A lower cost of living made a difference almost at once. Not crippled by rent, I found I could travel more – London trips and shows that had been out of my budget when I lived a mere hour away were suddenly, if not an everyday option, an affordable treat. I’ve been to Scotland 3 times already, allowing me to spend time rekindling relationships I had long let fall into neglect. I rediscovered my love of going to gigs, and poetry readings, and exhibitions – all the things I had often felt too exhausted or too broke to do before. The vibrancy of Newcastle’s arts scene injected some long-needed enthusiasm into my own creative work – yes, yes, I know I’m still behind on the next book, but I managed a whole load of other stuff.

I had more space, and I realised just how much that changes how you live and work and operate as a creative artist. In Brighton I lived in a one bedroom flat with no cupboards: I spent my time looking at everything I own. Here – for literally half the cost – I have three bedrooms, and fitted wardrobes, and the luxury of working in a different room from the one I live in, of being able to shut the door on my job.

Sure, I miss the sea and I miss the coffee shops and I miss, sometimes, feeling part of the cosmopolitan and vibrant London or Brighton scenes. Newcastle isn’t perfect – it has a ways to go before it matches either of those places for inclusivity and diversity (though it’s improved on both those fronts since I lived here last). But I like not feeling like an outsider every time I open my mouth. I like not feeling like the weird, loud, working-class Northerner in a room full of Southern polished poshos, who will never understand what austerity really means, that a fiver can be a lot of money, that it’s totally correct to be outraged by being charged £7.50 for a glass of wine, because you can buy a whole bottle of that for 7 quid in the shops. (Not that everywhere in the South is rich, of course, but the circles I moved in – theatre and the arts and the law and the City – tended to attract the upper middle classes and the wealthy. And it’s not that everyone in the North is poor: most of my friends here are way better off than me, and live in houses that my Southern friends could only dream of. But to grow up in the North is to understand poverty, to be its neighbour, and therefore to think ‘there but for the Grace of God’ in a way that too often I don’t see in the South.)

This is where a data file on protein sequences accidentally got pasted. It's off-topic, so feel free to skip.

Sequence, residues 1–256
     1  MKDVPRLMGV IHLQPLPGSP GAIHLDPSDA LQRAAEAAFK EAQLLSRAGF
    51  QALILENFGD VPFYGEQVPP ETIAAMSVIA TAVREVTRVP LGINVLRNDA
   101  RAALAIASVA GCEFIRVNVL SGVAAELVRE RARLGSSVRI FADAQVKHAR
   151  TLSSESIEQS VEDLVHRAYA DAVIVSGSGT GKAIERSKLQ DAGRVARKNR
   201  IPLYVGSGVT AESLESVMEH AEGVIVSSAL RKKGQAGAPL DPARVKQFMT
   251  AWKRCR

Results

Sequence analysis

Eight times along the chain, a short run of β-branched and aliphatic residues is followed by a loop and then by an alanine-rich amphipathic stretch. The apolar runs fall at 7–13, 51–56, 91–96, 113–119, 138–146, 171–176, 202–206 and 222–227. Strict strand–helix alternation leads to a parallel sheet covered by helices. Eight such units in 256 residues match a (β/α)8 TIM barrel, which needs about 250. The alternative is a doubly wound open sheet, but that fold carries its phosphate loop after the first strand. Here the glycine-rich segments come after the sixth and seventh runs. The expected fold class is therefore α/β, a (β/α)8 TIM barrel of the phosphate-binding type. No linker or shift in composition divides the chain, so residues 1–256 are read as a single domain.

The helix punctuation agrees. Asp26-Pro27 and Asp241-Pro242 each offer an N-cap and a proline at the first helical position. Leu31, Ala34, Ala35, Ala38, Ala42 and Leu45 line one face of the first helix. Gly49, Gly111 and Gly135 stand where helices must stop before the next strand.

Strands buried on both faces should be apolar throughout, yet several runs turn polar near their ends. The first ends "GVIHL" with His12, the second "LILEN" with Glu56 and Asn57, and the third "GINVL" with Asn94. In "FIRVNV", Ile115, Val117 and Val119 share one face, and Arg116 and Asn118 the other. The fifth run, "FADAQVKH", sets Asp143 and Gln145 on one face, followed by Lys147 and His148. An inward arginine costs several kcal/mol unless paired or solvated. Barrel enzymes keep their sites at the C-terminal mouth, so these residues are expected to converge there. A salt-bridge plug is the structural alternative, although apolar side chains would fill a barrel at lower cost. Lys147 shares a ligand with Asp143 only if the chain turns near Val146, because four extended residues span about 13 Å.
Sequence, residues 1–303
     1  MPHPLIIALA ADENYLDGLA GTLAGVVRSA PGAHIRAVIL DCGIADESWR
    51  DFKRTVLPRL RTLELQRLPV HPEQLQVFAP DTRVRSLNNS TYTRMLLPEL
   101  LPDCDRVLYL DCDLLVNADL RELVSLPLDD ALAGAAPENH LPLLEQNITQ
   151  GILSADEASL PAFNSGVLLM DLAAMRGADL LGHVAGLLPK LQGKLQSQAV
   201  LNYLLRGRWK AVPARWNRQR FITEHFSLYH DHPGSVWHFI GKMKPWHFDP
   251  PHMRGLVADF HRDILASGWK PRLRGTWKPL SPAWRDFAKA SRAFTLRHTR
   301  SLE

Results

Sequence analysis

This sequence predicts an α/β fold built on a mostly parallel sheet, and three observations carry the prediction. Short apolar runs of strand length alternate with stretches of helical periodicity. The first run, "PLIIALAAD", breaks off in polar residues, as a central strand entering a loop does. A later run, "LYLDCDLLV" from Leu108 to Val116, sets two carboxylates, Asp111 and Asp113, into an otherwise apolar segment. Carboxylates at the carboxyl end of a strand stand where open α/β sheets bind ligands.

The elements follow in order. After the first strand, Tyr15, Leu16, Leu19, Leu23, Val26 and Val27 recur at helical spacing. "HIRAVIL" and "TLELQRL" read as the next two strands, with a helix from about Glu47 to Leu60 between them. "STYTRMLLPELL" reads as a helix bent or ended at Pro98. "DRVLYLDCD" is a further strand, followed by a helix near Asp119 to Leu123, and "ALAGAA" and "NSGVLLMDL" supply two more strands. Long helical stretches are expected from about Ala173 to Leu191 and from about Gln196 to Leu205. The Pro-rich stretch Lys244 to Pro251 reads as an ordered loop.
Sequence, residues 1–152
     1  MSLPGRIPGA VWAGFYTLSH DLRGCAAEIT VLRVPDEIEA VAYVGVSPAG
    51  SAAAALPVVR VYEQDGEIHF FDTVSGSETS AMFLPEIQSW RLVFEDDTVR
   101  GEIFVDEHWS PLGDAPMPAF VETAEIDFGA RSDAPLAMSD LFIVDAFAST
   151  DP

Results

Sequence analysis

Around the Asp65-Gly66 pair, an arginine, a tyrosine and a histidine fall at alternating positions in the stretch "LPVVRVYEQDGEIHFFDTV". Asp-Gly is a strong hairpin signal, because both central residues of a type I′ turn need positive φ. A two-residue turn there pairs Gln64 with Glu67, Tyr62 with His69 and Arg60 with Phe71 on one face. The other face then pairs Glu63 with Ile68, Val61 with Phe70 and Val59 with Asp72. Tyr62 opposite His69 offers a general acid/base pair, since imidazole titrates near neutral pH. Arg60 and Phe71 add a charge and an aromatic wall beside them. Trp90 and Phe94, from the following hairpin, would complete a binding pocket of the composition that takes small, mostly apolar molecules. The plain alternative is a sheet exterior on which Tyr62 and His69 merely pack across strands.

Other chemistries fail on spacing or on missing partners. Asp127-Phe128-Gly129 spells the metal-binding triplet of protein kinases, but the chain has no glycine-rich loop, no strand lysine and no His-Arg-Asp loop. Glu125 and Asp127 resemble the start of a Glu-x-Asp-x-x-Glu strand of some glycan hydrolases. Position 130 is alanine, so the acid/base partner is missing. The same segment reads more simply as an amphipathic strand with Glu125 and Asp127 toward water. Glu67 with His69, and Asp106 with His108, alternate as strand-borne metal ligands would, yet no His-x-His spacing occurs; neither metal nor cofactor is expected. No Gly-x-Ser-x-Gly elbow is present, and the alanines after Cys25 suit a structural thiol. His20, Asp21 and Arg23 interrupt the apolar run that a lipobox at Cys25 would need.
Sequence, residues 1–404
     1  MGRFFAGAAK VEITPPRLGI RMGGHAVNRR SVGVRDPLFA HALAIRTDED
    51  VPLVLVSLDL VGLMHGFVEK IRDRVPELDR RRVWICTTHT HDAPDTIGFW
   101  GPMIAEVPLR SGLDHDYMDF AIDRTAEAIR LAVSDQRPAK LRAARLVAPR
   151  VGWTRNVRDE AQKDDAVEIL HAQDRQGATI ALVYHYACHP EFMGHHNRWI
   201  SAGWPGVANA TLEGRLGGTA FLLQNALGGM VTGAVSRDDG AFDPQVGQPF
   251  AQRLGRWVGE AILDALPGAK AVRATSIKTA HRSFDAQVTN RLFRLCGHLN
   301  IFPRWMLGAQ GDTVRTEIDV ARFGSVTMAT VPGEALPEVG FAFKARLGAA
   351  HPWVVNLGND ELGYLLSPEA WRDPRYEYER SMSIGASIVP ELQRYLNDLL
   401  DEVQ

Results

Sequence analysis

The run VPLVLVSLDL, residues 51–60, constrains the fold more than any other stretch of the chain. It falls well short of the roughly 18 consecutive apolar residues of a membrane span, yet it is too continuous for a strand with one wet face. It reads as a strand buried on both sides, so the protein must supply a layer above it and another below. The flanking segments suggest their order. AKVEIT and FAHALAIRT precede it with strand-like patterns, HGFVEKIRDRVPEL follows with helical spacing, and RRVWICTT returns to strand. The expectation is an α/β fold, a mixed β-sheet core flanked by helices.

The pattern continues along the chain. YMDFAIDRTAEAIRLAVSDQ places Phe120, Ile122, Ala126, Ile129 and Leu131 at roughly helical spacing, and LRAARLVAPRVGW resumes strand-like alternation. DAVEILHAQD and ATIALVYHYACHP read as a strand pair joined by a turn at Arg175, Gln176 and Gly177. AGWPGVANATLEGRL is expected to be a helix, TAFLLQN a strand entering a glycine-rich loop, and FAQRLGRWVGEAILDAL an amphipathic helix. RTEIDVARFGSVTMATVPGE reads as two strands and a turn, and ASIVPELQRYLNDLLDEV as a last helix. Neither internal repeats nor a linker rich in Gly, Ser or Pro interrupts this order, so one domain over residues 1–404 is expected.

I have let down my guard here, in a way I didn’t think was possible – because in truth I had been so guarded for so long I didn’t notice it anymore. But being surrounded by friends who have known me for decades means it’s foolish to pretend to be anyone else. Being accepted for who I am means I don’t have to. And so I have found to my surprise that moving home has been one long exhalation, letting out a breath I didn’t realise I was holding. I had forgotten what it feels like to belong, and I am discovering that I like it.

[This post also appears on the blog I started when I moved back, Prodigal Geordie, should you want to follow my adventures]